ICA launches new Pitch Watchdog service

Updated: The organization formalizes a process for agencies to call out bad pitch practices.


This story has been updated

The Institute of Communication Agencies is biting back when it comes to bad practices, launching a formalized service to tackle unfair and onerous requirements in the pitch process.

The new Pitch Watchdog service will allow ICA member agencies to flag client pitch requirements they deem unfair. The program is the Canadian follow-up to one launched by new ICA president Scott Knox when he served as managing director for the Marketing Agencies Association in the United Kingdom.

The service will cover pitches for all kinds of agencies, including creative and media. In some cases, agencies may want the ICA to step in and represent them specifically. More often, though, Knox says he will be verifying claims coming from a given agency and speaking with other shops (in multi-agency pitches, for example) before approaching marketers and representing agencies collectively.

Knox points to issues like payment terms and spec work as increasingly problematic parts of the pitch process. He says bad pitches often aren’t malicious but are a product of legacy thinking and procurement departments who aren’t grasping why their requirements are problematic, he says.

The Association of Canadian Advertisers, which represents client-side marketers in Canada, has its own nine-step guide that it believes represents the best practices when searching for a new agency partner. Ron Lund, president and CEO of the ACA, says the organization welcomes the ICA’s move and anything that could motivate dialogue about issues impacting the industry, so long as it results in progress and isn’t merely a vehicle for “naming and shaming.”

“We’re hoping there’s going to be some positives to this,” he says. “If somebody does have a problem, we hope they do seek to dialogue, versus adjudicate it through the media.”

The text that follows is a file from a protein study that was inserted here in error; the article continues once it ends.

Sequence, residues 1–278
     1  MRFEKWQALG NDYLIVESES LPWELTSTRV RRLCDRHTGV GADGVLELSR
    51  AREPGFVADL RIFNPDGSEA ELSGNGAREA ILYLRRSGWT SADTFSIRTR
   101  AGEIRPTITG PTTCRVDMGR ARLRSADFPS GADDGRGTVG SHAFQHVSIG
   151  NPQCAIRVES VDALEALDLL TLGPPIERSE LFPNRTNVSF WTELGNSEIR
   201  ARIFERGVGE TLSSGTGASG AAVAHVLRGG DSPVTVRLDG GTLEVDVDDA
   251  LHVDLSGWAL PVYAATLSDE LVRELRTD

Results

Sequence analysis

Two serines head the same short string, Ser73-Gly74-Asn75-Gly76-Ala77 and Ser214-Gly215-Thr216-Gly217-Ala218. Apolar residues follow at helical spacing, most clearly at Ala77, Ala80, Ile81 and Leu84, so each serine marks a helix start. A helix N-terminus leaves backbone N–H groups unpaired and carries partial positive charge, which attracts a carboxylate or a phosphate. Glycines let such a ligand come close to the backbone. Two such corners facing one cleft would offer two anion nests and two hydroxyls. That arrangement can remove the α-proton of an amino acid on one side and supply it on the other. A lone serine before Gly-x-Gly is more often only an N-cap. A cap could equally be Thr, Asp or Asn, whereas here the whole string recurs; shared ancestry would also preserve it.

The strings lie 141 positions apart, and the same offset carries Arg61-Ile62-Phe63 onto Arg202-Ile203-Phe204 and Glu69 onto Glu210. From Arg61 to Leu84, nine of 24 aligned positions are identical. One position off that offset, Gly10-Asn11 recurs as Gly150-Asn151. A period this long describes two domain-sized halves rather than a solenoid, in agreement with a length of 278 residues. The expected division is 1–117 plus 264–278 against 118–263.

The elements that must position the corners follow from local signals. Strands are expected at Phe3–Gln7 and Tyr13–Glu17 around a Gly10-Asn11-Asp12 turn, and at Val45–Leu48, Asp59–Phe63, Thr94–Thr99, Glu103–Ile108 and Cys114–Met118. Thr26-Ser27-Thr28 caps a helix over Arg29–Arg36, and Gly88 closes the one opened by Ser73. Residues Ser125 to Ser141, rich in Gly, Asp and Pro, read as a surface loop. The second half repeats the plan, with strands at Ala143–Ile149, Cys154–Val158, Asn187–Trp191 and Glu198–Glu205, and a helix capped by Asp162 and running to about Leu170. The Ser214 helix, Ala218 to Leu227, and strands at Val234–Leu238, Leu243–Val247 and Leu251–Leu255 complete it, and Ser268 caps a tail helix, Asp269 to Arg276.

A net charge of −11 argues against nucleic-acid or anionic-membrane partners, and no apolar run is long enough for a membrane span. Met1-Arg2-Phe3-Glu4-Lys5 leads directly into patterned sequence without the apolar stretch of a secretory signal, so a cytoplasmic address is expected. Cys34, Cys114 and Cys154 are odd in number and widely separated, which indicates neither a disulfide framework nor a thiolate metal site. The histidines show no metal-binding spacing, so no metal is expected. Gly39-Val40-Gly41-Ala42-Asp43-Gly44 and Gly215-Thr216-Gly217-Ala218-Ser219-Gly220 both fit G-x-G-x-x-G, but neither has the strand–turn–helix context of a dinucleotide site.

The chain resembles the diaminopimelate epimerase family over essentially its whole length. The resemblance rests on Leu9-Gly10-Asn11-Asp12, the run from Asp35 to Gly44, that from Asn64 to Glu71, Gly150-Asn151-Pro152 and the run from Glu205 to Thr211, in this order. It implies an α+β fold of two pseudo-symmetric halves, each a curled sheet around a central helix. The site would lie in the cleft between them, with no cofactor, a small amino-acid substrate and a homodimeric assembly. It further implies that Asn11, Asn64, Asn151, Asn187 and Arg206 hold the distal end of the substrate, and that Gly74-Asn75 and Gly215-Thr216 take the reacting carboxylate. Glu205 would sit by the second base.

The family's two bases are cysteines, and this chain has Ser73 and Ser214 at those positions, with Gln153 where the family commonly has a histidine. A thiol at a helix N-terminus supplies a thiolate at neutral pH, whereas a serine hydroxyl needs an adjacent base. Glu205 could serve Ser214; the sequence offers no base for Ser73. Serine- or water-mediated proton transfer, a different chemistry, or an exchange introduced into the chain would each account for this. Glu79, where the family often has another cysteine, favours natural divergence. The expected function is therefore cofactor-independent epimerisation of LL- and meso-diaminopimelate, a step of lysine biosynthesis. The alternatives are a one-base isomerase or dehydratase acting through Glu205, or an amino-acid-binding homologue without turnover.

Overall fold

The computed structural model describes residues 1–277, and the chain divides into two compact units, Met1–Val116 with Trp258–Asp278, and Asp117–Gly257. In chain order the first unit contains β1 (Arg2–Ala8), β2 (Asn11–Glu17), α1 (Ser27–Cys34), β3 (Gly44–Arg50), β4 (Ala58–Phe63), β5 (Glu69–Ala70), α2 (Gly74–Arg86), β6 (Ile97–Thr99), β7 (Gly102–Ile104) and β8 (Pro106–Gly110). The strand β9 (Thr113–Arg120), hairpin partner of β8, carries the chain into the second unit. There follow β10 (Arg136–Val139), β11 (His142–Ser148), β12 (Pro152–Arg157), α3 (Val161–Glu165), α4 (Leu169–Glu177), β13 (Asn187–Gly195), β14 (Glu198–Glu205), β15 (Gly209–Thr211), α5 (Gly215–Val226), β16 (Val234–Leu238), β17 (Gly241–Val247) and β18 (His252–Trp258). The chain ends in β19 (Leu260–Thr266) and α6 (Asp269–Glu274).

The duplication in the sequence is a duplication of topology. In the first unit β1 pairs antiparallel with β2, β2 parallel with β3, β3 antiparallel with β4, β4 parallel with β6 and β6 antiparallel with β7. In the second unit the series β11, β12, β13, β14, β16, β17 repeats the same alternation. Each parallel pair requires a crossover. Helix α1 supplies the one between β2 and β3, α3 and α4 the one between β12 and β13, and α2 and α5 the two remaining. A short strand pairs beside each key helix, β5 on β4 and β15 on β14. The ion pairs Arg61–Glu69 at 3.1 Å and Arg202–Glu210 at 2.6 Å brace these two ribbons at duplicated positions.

The ICA’s move to formalize the watchdog process comes following its call for a boycott against the Toronto Zoo’s pitch for a new agency.

Situations like that will be a relative anomaly, based on how things went in the U.K., Knox says. Knox says he was bounced between the zoo’s marketing and procurement departments to the point that the call for a boycott was necessary.

The Toronto Zoo’s senior director of marketing, communications and partnerships Jennifer Tracey told strategy that she thought the talks were in fact productive and that she was “taken aback” by the call for a boycott.

Lund says the ACA was not consulted by the ICA in regards to the Watchdog program. He would be open to talking with the ICA about it and other best practices, but says he is not interested in developing a prescribed processes that risks being too rigid. While not mentioning the Zoo boycott specifically, Lund says, for example, taking issue with an RFP just because of the number of agencies involved (one of the issues the ICA had with the Zoo’s pitch process) is the kind of thing they’d like to avoid. The ACA’s own guidelines recommend including as many as a dozen agencies during the request for information stage in certain situations, as many of those agencies may not pass the requirements to make it to the pitch stage.

“I know agencies are feeling upset about this, but they are involved in the procurement process or the exchange of remuneration for services virtually every single day,” Lund says. “Most clients don’t do this very often, so having a prescribed process doesn’t work for us. Clients have various-sized marketing departments, some use procurement, some use an outside consultants, so there’s a range of things that can go on.”

The ICA and MAA in the U.K. will work together in cases that need a trans-Atlantic response. There is nothing formalized in place for Canada-U.S. specifically, but Knox says he will reach out there as needed.

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